Some Pretty Inspirational Women

On campus today as part of the National Girls and Women in
Sports Day, two visitors graced Hope’s campus. You’re probably wondering whom
I’m talking about. Well, Doris Cook and Rosemary Stevenson visited Maas
Auditorium today at 11 AM to talk about their experience playing baseball in
the All-American Girls Baseball League in the 40s and 50s. Many of you have
seen the movie “A League of Their Own” in which women started playing baseball
when men had to leave for war. Well, did you ever think about the true-life
story behind that movie? I never did until I went to this lecture.

The lecture
opened up with a clip of that movie and the introduction of Doris “Cookie” Cook
and Rosemary “Stevie” Stevenson. Both Doris and Rosemary had similar circumstances in the way
that they came to love baseball. For instance, Rosemary came from a family
where baseball was being played; specifically, her uncle introduced her to the
sport and she began playing around the age of ten and a year later joined a travel
team. Doris grew up playing with her brothers and neighbors and later followed
her sister’s footsteps and joined a team as well. Both of these young ladies
tried out for the League when they were 17 years old; however, Rosemary joined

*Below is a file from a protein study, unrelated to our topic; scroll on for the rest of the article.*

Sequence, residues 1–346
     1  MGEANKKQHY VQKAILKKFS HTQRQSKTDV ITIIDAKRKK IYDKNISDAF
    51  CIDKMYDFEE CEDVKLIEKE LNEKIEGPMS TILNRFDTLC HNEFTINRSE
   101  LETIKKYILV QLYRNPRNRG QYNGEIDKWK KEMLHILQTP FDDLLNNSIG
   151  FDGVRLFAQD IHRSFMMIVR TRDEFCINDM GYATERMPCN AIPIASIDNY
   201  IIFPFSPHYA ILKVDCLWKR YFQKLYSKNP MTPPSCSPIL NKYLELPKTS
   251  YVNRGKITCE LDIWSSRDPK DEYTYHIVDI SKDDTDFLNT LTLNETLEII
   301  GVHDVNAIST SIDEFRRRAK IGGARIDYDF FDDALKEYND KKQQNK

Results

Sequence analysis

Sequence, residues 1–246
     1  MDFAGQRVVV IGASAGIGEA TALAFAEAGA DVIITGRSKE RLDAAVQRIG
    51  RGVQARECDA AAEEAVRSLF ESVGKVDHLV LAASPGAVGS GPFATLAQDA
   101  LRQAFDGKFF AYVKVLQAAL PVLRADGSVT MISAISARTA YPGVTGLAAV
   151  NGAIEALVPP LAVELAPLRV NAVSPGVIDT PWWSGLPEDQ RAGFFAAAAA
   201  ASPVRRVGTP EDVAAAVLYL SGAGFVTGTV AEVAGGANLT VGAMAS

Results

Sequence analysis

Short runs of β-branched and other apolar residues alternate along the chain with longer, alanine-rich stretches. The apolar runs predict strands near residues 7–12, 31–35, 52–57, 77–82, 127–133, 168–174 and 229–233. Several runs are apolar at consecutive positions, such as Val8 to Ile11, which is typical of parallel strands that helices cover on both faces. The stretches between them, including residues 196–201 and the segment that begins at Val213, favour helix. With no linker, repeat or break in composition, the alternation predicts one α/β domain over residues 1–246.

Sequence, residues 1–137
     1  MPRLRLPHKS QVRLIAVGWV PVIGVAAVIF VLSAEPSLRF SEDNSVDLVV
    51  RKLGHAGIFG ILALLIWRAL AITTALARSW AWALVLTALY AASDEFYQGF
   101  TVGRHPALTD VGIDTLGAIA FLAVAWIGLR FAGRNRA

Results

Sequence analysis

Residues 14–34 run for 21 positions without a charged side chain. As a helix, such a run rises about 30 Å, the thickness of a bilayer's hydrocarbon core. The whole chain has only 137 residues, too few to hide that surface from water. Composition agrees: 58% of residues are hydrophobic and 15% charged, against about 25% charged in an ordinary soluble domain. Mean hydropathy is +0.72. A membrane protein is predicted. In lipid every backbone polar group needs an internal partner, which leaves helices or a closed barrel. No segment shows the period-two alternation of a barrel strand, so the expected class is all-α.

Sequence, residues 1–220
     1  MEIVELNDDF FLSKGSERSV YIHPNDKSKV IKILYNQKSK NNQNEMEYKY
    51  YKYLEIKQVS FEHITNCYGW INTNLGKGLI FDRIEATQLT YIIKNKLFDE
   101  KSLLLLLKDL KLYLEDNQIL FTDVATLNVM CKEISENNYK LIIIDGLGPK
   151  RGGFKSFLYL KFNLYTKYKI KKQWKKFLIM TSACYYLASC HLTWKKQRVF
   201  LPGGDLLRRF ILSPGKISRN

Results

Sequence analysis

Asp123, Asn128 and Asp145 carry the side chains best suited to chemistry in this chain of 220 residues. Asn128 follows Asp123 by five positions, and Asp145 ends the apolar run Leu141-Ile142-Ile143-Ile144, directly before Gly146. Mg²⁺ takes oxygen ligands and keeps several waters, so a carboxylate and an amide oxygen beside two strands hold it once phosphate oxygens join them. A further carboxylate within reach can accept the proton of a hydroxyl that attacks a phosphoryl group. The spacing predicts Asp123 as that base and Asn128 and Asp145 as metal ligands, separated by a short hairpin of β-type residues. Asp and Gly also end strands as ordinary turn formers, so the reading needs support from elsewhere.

in 1954, which happened to be the last year that the All-American Girl Baseball
League was still around.

As far as the tryouts went, Rosemary traveled down to
Indiana and was one of 106 girls trying out. Luckily, she was one of the six
that made the team. Doris’s experience included her going down to Chicago to
try out and made the team and eventually went on to make about $75 per week,
which was more than some men made at the time.

The lecture continued with a short segment from Movietone
News in which Doris was shown as well as the other players on the team. The
purpose of the video was to show that each of these women are baseball players
but keep up their femininity as well as having a life outside of baseball by
having jobs as bankers, printers and mothers. After the clip was shown, the
lecture started wrapping up and the two women gave some advice: if there’s
something you are really passionate about, do it regardless of what others may
think or how difficult it is.

I thought this lecture was really nice and it was so
interesting to see these pioneers of women’s sports at Hope. It really put
things into perspective and made me grateful for what they had done in the 50s
that allows people now to play sports regardless of gender.

Don’t forget to follow me on Twitter @hopeleslie15.

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Published by Leslie Kempers

Hey Everyone! My name is Leslie Kempers and I am from Santa Ana, California. I am a Senior this year and am majoring in Exercise Science so after my time here at Hope, I will be pursuing a career in physical therapy! I have previously been involved with Nykerk and CASA and am excited to see what this year has in store for me. This place has become my second home and I have cherished every moment here at Hope College. Go Dutchmen!!!